Matt Hudson-Smith elated after defending his European 400m title

·4 min read

Matt Hudson-Smith retained his 400m title with a commanding victory at the European Championships in Munich.

The 27-year-old Briton, who won bronze at the World Championships and silver at the Commonwealth Games, timed his attack to perfection to cross the line in 44.53 seconds to complete his summer set with a gold medal.

Switzerland’s Ricky Petrucciani took silver and there was joy for Great Britains’s Alex Haydock-Wilson, who held off Dutchman Liemarvin Bonevacia to join Hudson-Smith on the podium.

Hudson-Smith, who is targeting further success in the 4x400m relay, said: “It was a good victory and I did exactly what I wanted to do. I’m so happy to be European champion again.

“I wanted to wind it up and try and be calculated, try to go for the gold. I think people thought I’d go out absolutely blazing on the back straight, so I used them and I controlled it and wound it up.

“It has been a busy summer, but I am so pleased to be able to compete against the best in the world. There’s not much you can ask for really.”

Bronze medallist Haydock-Wilson, who blamed himself for the GB quartet’s failure to make the final of the mixed 4x400m relay in Eugene, admitted that experience had taught him an invaluable lesson after crossing the line in 45.17 seconds.

He said: “Honestly, now that enough time has passed, I couldn’t be grateful enough for that experience. It was by far one of the worst in my life, I wouldn’t wish it on anyone.

“It taught me so much, it made me fearless as it took me a to a point where things really couldn’t get any worse, and I realised, ‘This is terrible, but it’s not the worst thing in life, so why should I get anxious on race day when I know I am capable of so much good stuff?’.

“This means so much, just what this represents – it’s more than a piece of metal, is a culmination of so much hard work, so much pain, so much joy as well.”

There was no such joy for Britain’s Victoria Ohuruogu in the women’s 400m as she finished fourth behind the Netherlands’ Femke Bol – favourite also to claim gold in the 400m hurdles – in 50.51, two hundredths ahead of Ireland’s Rhasidat Adeleke, who set a new national record.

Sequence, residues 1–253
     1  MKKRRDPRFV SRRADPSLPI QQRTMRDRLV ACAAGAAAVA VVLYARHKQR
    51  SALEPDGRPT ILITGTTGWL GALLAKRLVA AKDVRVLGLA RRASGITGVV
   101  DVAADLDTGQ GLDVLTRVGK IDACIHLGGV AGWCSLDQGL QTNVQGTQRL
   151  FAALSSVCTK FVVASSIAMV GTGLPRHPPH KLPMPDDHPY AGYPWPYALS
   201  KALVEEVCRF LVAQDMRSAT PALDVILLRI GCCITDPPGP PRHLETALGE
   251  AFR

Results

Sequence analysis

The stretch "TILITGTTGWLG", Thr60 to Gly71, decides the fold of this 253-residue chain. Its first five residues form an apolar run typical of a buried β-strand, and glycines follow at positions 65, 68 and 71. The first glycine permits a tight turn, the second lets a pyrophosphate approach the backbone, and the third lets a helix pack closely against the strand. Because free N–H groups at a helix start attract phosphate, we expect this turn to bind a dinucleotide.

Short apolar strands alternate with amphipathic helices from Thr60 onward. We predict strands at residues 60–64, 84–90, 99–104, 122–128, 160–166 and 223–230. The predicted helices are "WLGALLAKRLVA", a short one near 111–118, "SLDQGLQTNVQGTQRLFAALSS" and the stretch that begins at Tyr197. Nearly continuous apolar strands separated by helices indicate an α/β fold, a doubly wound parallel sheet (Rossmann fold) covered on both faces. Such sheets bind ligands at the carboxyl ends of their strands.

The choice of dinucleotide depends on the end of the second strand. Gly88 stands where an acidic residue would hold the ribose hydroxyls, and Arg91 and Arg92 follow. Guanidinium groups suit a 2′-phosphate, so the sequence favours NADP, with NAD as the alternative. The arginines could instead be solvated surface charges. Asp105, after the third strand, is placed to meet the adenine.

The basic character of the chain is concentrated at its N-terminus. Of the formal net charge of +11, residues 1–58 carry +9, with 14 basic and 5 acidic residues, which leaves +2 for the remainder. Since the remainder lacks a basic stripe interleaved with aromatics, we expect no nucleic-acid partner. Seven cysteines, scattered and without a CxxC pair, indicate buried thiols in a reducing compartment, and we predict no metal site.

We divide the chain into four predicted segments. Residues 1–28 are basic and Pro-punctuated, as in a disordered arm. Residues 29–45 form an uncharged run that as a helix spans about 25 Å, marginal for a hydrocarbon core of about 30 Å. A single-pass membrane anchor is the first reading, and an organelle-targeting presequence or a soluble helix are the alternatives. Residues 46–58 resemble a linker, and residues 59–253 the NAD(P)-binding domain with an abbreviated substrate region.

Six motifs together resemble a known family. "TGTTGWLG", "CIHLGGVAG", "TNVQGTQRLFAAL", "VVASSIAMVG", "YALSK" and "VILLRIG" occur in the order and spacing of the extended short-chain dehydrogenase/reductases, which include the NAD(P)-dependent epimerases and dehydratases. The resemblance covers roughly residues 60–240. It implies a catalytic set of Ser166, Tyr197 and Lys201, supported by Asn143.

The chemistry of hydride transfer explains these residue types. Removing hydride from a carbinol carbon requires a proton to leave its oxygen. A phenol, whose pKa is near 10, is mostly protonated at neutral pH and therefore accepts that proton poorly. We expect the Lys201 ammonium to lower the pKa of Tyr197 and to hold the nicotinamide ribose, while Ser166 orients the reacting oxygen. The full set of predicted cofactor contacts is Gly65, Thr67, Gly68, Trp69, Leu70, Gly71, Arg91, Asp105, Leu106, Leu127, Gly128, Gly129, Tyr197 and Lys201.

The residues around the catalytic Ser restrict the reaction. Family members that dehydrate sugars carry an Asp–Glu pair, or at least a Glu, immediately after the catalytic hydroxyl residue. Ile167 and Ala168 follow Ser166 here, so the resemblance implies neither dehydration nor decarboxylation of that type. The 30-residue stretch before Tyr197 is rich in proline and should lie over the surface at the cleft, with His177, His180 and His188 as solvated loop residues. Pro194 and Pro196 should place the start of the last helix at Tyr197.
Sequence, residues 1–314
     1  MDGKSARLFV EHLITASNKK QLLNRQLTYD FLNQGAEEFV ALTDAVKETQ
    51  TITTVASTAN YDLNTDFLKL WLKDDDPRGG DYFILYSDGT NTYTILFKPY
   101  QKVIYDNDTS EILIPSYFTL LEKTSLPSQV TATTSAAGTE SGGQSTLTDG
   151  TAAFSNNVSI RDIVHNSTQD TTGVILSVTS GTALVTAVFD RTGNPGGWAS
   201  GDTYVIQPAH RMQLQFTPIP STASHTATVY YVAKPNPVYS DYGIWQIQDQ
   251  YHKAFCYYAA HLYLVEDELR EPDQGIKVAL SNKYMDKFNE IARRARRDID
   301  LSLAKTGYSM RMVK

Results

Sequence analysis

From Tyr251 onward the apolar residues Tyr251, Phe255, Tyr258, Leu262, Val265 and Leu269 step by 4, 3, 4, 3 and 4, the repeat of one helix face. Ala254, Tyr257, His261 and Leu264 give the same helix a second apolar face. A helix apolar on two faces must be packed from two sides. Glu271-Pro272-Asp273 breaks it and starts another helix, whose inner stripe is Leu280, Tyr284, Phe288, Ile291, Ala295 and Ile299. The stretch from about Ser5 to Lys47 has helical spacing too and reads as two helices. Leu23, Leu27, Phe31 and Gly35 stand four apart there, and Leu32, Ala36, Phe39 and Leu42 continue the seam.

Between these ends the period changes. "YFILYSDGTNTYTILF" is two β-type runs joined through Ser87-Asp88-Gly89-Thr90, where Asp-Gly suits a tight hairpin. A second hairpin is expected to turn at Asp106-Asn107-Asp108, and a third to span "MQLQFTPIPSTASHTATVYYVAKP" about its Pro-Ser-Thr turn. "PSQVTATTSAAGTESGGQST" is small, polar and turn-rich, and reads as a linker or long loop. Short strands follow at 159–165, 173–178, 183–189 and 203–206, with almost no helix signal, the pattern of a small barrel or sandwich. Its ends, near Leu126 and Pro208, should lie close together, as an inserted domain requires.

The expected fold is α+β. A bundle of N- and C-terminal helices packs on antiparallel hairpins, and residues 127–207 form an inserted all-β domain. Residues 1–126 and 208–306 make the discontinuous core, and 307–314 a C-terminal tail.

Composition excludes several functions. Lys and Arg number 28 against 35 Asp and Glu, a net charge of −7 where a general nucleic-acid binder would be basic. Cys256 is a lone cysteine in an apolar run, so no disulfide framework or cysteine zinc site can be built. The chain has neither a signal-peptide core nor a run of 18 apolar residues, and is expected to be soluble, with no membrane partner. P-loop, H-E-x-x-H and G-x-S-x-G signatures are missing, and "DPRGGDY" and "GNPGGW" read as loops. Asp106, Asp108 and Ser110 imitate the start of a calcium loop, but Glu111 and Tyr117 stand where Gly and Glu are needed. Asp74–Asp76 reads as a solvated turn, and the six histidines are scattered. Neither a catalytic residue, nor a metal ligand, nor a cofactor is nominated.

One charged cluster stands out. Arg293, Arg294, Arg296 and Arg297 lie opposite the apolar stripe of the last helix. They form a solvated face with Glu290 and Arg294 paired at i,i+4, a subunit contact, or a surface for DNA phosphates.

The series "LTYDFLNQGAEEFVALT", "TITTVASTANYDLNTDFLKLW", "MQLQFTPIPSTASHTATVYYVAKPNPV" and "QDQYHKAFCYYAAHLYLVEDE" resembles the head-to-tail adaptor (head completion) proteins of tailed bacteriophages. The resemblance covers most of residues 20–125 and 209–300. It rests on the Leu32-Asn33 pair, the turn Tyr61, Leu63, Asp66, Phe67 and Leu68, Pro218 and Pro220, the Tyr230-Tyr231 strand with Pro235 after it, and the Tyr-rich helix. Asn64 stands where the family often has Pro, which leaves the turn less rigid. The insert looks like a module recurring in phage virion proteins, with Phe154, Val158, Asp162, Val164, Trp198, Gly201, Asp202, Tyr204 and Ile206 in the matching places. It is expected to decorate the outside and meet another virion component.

Great Britain’s Andrew Pozzi finished six in the men's 100m hurdles final
Great Britain’s Andrew Pozzi finished six in the men’s 100m hurdles final (Soeren Stache/DPA/PA)

Ohuruogu said: “I really wanted a medal, but if you take everything into consideration, I have nearly run my PB again today so I’m happy.”

Andrew Pozzi made it to the final of the 110m hurdles as a fastest loser, but finished sixth in 13.66 seconds as Spain’s Asier Martinez edged out France’s Pascal Martinot-Lagarde for gold.

Jade O’Dowda set a new personal best in the high jump, but ended the first day of the heptathlon in 11th place.

O’Dowda, who took Commonwealth bronze two weeks ago, cleared 1.80m after clocking 13.72 seconds in the 100m hurdles, and later posted 12.98m in the shot put and ran 24.80 in the 200m on a day when reigning champion Nafi Thiam established a 214-point lead over the rest of the field.

Commonwealth Games bronze medallist  Naomi Metzger qualified comfortably for the triple jump final
Commonwealth Games bronze medallist Naomi Metzger qualified comfortably for the triple jump final (Tim Goode/PA)

Jacob Paul also had a personal best in the 400m hurdles as he advanced to the semi-finals in 49.40 seconds, finishing second in his heat.

Commonwealth bronze medallist Naomi Metzger took only one jump in qualifying for the women’s triple jump, deciding the 14.24m – her second best result of the season – would do as she reached the final with the fourth best result.

Double Commonwealth champion Nick Miller cruised into the men’s hammer final with a throw of 76.09m, while Lawrence Okoye qualified in the men’s discus with a throw of 62.56m.